UND to celebrate American Indian Heritage Month in November with eighth annual film festival
Posted on 10/28/2013
The University of North Dakota American Indian Studies Department and the Indian Studies Association will celebrate American Indian Heritage Month through film at its 8th Annual American Indian Film Festival Nov. 4-20.
The purpose of the festival is to help the campus community and the public at large better appreciate both the historic and continuing contributions of American Indians to our dynamic and diverse society.
All movies will show at 7 p.m. in the UND Memorial Union Lecture Bowl. Admission is free.
The movies and descriptions follow:
Monday, Nov. 4, Bury My Heart with Tonawanda: A feature film solidly grounded in Seneca culture and history, "Bury My Heart at Tonawanda" tells the story of boy with Downs Syndrome who is rejected by his own family but accepted by the Tonawanda Seneca Nation. The film gives insight into the Seneca world while challenging our historical stereotypes about Native Americans
Thursday, Nov. 7, First Speakers: Restoring the Ojibwe Language: A language is lost every 14 days. One of those endangered tongues is Minnesota's own Ojibwe language. This documentary examines how a new generation of Ojibwe scholars and educators are racing against time to save the language.
Tuesday, Nov. 12, America Reframed: The Medicine Game and Up Heartbreak Hill (double feature of documentaries focusing on youth sports in Native America): The Medicine Game shares the remarkable journey of two brothers from the Onondaga Nation driven by a single goal: to beat the odds and play lacrosse for national powerhouse Syracuse University. Up Heartbreak Hill is a documentary chronicling the lives of Thomas, Tamara and Gabby - three teenagers on the Navajo Nation - as they traverse their senior year and struggle to define themselves as both Native American and modern American.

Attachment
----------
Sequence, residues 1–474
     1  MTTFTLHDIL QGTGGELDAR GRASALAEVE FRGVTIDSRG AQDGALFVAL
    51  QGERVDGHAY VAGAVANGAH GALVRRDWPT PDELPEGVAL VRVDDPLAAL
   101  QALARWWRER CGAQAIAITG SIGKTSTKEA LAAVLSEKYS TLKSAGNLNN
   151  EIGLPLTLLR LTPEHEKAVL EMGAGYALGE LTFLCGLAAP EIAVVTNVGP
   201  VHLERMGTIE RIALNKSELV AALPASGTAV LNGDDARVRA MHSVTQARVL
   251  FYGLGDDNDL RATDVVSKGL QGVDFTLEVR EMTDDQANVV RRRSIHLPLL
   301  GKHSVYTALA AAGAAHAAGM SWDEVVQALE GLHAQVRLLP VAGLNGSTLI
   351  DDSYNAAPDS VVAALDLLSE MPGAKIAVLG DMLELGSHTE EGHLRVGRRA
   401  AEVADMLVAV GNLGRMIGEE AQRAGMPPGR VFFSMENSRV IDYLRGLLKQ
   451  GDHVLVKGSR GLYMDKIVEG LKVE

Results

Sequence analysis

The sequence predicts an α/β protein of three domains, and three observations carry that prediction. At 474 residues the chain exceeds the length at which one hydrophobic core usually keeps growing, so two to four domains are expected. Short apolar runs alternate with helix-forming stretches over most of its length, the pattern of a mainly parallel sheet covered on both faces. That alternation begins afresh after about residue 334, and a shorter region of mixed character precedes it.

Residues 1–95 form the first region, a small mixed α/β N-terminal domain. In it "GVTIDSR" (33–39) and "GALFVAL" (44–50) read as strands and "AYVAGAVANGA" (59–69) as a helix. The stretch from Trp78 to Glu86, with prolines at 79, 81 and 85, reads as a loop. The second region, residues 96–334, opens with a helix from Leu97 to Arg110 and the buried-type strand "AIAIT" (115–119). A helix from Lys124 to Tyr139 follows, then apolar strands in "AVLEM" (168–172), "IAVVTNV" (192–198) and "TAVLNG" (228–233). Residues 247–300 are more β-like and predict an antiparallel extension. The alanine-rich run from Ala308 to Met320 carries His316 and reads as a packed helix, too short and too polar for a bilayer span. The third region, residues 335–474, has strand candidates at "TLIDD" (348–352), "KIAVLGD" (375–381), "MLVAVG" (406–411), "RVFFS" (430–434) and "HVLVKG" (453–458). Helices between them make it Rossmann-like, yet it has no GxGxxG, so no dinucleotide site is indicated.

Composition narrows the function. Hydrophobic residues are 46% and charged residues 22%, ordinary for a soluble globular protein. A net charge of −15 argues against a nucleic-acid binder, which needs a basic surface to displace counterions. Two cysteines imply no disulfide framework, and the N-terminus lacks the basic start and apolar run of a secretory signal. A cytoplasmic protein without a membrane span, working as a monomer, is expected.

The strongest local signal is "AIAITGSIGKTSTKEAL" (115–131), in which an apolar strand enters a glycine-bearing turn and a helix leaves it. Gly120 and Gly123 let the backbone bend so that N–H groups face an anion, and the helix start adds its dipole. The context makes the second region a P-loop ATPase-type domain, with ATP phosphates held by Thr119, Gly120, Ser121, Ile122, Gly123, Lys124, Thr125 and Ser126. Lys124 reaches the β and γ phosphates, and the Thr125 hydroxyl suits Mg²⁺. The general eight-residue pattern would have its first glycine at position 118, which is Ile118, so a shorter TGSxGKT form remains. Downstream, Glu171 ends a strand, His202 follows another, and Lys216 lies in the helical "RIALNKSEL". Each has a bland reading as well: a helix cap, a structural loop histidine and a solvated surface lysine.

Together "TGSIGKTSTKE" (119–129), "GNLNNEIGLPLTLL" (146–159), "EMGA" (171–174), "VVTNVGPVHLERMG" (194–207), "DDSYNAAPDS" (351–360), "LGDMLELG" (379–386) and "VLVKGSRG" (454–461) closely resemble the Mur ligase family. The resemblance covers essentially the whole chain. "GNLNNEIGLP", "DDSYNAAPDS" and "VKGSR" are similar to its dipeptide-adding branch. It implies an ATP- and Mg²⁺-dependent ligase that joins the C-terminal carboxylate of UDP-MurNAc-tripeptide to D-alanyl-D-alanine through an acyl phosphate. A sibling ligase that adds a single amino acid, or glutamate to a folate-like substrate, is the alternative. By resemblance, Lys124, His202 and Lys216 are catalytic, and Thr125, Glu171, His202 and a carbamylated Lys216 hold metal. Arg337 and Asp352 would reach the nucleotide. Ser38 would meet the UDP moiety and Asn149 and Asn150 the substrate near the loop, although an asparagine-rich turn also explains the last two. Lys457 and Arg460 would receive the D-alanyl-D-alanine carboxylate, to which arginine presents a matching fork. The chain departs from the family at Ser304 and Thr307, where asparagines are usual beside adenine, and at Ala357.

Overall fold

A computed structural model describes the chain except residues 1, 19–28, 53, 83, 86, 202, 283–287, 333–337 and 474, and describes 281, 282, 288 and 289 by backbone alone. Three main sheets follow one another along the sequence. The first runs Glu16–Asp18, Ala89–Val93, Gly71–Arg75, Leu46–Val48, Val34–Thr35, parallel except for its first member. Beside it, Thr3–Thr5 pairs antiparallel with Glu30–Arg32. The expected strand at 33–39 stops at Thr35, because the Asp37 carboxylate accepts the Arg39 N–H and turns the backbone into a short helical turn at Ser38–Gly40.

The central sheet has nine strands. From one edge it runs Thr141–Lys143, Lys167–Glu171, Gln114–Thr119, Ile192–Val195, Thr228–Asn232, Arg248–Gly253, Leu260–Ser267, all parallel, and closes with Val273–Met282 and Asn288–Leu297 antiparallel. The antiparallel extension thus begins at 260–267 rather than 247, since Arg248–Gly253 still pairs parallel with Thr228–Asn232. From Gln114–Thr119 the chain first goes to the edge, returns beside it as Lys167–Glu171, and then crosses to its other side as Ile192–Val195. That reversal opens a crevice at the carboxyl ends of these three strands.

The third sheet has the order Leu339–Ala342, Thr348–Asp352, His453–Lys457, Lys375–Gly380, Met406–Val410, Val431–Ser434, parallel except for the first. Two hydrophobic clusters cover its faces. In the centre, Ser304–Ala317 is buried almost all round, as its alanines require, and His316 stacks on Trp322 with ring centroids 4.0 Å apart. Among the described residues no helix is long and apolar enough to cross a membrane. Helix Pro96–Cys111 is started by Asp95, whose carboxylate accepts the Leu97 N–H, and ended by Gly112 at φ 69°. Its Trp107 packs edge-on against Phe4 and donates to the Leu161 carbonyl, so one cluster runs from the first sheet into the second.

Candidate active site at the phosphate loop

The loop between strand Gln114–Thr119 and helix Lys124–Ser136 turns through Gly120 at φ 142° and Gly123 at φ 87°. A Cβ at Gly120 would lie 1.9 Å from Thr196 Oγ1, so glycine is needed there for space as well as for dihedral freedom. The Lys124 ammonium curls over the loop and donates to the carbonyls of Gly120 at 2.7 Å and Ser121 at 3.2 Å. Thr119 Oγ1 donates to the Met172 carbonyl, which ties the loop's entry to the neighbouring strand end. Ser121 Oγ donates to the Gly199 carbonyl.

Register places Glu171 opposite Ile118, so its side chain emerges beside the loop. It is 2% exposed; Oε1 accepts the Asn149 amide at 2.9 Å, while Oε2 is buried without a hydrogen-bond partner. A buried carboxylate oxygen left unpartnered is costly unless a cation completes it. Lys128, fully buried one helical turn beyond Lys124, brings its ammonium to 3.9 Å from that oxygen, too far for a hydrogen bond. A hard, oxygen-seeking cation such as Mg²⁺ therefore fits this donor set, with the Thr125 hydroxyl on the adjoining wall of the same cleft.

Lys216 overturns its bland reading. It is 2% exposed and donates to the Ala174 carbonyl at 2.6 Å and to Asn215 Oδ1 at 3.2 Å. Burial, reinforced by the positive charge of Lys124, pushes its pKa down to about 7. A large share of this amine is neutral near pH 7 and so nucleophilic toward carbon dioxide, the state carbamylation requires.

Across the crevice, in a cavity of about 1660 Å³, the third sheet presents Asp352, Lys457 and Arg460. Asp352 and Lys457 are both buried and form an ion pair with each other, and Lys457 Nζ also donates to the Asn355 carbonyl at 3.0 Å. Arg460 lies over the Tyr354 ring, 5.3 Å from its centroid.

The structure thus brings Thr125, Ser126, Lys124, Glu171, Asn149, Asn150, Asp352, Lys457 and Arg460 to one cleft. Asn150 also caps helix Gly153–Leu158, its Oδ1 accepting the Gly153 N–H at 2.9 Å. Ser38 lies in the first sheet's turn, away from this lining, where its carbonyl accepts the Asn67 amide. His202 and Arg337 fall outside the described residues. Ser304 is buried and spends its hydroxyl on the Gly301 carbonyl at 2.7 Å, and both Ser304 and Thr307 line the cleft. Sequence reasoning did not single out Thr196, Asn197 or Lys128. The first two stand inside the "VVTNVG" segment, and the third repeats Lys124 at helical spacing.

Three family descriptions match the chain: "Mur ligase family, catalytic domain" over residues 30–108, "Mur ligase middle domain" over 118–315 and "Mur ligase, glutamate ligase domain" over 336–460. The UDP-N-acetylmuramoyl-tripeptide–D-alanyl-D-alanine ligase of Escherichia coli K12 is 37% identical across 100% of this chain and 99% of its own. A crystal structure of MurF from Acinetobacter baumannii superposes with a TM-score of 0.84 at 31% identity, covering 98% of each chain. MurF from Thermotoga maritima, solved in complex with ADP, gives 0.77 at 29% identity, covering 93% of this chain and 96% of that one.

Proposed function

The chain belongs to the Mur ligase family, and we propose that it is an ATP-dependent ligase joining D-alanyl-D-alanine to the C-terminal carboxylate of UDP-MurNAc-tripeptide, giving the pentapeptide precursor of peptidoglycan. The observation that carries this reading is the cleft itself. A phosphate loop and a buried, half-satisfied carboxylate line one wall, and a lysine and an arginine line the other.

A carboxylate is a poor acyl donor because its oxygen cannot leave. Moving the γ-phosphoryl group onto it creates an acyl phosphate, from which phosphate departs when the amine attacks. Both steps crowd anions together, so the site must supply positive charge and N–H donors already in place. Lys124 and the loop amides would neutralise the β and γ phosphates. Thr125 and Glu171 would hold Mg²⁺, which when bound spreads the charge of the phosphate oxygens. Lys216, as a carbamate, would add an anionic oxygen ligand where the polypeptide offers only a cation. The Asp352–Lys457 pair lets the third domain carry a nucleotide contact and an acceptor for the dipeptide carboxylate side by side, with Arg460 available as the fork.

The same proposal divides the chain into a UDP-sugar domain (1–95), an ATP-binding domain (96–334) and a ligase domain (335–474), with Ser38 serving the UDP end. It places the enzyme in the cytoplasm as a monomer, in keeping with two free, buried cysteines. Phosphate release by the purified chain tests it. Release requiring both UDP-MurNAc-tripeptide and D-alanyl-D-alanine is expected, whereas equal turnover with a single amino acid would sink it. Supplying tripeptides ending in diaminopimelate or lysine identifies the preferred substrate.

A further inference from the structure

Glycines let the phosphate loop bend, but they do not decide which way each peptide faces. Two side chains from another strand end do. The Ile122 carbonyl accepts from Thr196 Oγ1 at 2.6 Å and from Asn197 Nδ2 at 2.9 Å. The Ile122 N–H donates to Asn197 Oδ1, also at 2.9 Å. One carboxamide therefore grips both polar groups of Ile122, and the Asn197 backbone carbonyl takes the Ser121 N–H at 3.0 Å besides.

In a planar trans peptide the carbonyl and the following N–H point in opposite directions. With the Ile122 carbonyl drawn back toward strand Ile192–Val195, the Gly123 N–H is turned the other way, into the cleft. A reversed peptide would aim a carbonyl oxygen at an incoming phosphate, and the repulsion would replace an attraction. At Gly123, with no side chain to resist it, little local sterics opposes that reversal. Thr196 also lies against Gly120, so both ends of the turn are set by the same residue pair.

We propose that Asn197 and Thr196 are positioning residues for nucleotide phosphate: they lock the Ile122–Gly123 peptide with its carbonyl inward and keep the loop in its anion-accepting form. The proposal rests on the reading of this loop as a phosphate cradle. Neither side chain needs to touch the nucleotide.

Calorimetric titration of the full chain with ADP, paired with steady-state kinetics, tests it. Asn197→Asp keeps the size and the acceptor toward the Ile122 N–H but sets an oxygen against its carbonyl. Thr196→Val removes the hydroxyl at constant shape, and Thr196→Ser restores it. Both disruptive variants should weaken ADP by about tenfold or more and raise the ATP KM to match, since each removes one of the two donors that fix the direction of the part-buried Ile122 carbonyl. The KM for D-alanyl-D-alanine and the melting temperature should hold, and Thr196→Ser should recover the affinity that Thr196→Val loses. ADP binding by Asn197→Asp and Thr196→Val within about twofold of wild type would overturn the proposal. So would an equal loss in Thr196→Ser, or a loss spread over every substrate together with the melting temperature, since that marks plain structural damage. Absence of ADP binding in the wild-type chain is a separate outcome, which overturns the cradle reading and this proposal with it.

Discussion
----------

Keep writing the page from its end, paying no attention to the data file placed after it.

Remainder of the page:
Thursday, Nov. 14, Tiger Eyes: In this feature film based on a popular Judy Blume novel, a 17 year-old girl journeys from heartbreak and confusion to transformation as she discovers love and life after tragedy. Noted for its cinematography of the American Southwest.
Monday, Nov. 18, Standing Bear's Footsteps: This is the story of a Ponca Indian leader who went to court to prove he was a person worthy of the full legal protections of U.S. laws and their courts. This documentary chronicles the human story behind the landmark Standing Bear V. Crook case.
Wednesday, Nov. 20, Path of Souls: Filmed in neighboring Manitoba, this feature film tells the story of a grieving widow embarking on a spiritual journey across Native North America to complete her dead husband's thesis. Along the way, she encounters traditional elders who tell her about quantum mechanics, dark matter, wormholes and parallel universes.
Contact: Alan Shackleford assistant professor of Indian Studies 701.777.4649 alan.shackelford@UND.edu